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Regional Picks: Plants for Dry Shade – Northeast

Fine Gardening – Issue 158

Bigroot geranium

Name: Geranium macrorrhizum

USDA Hardiness Zones: 4 to 8

Size: Up to 18 inches tall and 2 to 3 feet wide

Conditions: Full sun to partial shade; well-drained soil

Once established, bigroot geranium is one of the best perennials for dry shade. If this plant had a mailbox, it would probably receive thank-you notes from grateful gardeners across the country. The deeply lobed, slightly fuzzy leaves are apple scented when crushed, making the plant deer and rabbit resistant. It starts blooming in late spring and continues through early summer with lovely pink flowers. Perhaps one of this plant’s most desirable features is its fall foliage, which turns beautiful shades of reddish orange. Bigroot geranium is fairly care-free, requiring only a little shearing after the initial flush of bloom to encourage some fresh foliage growth.

‘Diana Clare’ lungwort

Name: Pulmonaria ‘Diana Clare’

Zones: 3 to 8

Size: 8 to 12 inches tall and 12 to 18 inches wide

Conditions: Partial to full shade; well-drained soil

I have grown several of the many lungwort cultivars, but ‘Diana Clare’ is my favorite. Its shimmering, apple green leaves (which look like they’re dipped in silver) keep their magnificent color all season long. The long pointed leaves contrast well with the blooms, which appear a couple of weeks later than other varieties—usually in midspring. The flowers emerge a vibrant violet-blue, then transition to purple, before finally turning pink. Unlike other cultivars, ‘Diana Clare’ doesn’t need to be cut back in summer to refresh the foliage.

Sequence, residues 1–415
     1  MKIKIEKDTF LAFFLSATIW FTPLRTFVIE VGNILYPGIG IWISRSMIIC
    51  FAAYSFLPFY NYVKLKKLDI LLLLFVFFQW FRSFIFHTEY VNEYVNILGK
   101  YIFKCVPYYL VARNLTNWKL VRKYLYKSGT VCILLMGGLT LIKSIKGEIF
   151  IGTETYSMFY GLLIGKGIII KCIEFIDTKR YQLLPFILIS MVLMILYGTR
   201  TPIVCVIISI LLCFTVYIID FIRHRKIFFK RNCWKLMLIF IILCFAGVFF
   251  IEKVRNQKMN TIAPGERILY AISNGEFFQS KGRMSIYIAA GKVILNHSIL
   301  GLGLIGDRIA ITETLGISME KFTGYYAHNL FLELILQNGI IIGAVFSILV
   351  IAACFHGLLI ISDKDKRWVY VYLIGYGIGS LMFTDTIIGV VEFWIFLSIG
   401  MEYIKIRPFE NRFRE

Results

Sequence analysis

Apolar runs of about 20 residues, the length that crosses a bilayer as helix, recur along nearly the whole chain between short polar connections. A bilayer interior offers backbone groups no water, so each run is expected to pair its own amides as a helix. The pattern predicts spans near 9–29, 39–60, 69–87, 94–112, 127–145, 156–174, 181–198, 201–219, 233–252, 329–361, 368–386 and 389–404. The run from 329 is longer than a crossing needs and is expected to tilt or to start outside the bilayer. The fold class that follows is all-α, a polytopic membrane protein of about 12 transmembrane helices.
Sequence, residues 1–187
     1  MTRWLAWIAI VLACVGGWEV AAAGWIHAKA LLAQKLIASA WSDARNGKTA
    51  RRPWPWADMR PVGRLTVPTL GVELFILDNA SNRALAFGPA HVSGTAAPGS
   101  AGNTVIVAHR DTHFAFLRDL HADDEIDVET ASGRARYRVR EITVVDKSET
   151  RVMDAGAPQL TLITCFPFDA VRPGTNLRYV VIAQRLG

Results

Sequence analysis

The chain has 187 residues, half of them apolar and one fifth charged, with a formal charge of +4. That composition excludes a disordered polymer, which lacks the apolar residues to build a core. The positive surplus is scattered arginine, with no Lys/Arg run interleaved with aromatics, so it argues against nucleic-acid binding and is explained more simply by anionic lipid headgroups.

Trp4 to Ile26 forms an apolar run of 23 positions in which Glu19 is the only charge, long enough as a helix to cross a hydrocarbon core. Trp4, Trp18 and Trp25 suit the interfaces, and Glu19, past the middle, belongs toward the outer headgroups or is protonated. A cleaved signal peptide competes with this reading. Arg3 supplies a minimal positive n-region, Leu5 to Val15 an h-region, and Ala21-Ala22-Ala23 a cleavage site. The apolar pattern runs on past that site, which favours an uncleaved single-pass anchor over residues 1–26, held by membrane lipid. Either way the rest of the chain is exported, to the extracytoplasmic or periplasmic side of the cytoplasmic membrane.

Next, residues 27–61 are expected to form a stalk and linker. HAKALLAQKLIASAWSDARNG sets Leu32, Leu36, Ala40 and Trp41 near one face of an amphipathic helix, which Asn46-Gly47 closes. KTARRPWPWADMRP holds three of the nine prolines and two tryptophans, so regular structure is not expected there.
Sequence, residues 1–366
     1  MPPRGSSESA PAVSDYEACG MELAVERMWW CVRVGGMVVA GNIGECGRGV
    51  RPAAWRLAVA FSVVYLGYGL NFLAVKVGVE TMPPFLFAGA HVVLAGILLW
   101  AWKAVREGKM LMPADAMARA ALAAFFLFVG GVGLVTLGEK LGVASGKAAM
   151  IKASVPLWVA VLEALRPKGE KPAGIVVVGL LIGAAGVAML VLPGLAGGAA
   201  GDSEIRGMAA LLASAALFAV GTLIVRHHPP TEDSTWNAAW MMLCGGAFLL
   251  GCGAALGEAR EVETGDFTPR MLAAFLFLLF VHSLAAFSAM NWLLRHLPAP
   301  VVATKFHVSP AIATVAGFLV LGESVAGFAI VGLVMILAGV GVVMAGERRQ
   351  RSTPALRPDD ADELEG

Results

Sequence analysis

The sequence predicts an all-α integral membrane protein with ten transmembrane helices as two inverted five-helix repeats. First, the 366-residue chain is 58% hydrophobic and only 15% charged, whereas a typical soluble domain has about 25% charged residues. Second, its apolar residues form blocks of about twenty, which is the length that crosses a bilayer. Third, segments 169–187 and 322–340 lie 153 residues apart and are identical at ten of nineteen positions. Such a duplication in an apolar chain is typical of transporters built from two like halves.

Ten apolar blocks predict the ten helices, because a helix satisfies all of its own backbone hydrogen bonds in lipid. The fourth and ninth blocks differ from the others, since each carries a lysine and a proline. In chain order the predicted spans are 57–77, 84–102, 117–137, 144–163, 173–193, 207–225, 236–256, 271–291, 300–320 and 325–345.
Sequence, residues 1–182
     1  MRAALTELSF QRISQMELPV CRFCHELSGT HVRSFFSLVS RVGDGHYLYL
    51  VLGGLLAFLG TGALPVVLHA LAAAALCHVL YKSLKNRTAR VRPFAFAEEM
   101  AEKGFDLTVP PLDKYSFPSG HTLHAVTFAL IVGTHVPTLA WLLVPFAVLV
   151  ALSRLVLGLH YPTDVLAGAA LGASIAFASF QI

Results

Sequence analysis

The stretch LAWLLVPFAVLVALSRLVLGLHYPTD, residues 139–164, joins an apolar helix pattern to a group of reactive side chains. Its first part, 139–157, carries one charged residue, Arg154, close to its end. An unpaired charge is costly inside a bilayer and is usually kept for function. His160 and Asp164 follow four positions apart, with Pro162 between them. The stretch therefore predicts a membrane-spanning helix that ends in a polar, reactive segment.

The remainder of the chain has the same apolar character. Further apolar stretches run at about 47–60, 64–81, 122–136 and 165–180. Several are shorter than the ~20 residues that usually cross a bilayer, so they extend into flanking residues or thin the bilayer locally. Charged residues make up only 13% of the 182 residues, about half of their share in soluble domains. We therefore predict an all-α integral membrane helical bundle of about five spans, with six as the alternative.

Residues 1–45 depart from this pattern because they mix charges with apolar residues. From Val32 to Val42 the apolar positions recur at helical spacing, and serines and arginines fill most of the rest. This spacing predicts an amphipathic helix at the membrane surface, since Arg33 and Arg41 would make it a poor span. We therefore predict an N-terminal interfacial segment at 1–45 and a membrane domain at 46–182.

‘Ghost’ painted fern

Name: Athyrium ‘Ghost’

Zones: 4 to 8

Size: 2 feet tall and 1 to 2 feet wide

Conditions: Partial to full shade; well-drained soil

It’s a given that 99.9 percent of ferns are best suited to shady, moist conditions. ‘Ghost’ painted fern, however, is an abnormality that tolerates drier soil. This vigorous plant is deer resistant and has no serious insect or disease problems. ‘Ghost’ painted fern combines the rigid, upright habit of the native lady fern (A. filix-femina, Zones 4–9) with the silvery gray of Japanese painted fern (A. niponicum var. pictum, Zones 5–8). ‘Ghost’ forms a slowly spreading clump of delicately cut fronds, which are a soft grayish green with an overlay of silvery hues and maroon midribs.

‘Sulphureum’ epimedium

Name: Epimedium × versicolor ‘Sulphureum’

Zones: 5 to 9

Size: 8 to 10 inches tall and 2 to 3 feet wide

Conditions: Partial to full shade; well-drained soil

Certain shade plants with exceptional foliage make you forget all about floriferous, sun-loving perennials, and ‘Sulphureum’ epimedium is one of them. In early spring, this fast-spreading plant is covered in constellations of two-tone pastel-and-butter-yellow flowers, which look like miniature daffodils. The evergreen foliage is heart shaped, and the leaves often appear reddish, particularly if grown in more light; the foliage eventually transitions to an eye-catching burgundy in fall. ‘Sulphureum’ epimedium is extremely drought tolerant once established, is deer resistant, and spreads to form a well-behaved ground cover.

Lori Davis is a horticulturist for Sunny Border Nurseries in Kensington, Connecticut.

Photos: Doreen Wynja; Jason Reeves; Ann E. Stratton; Joshua McCullough; courtesy of Lori Davis

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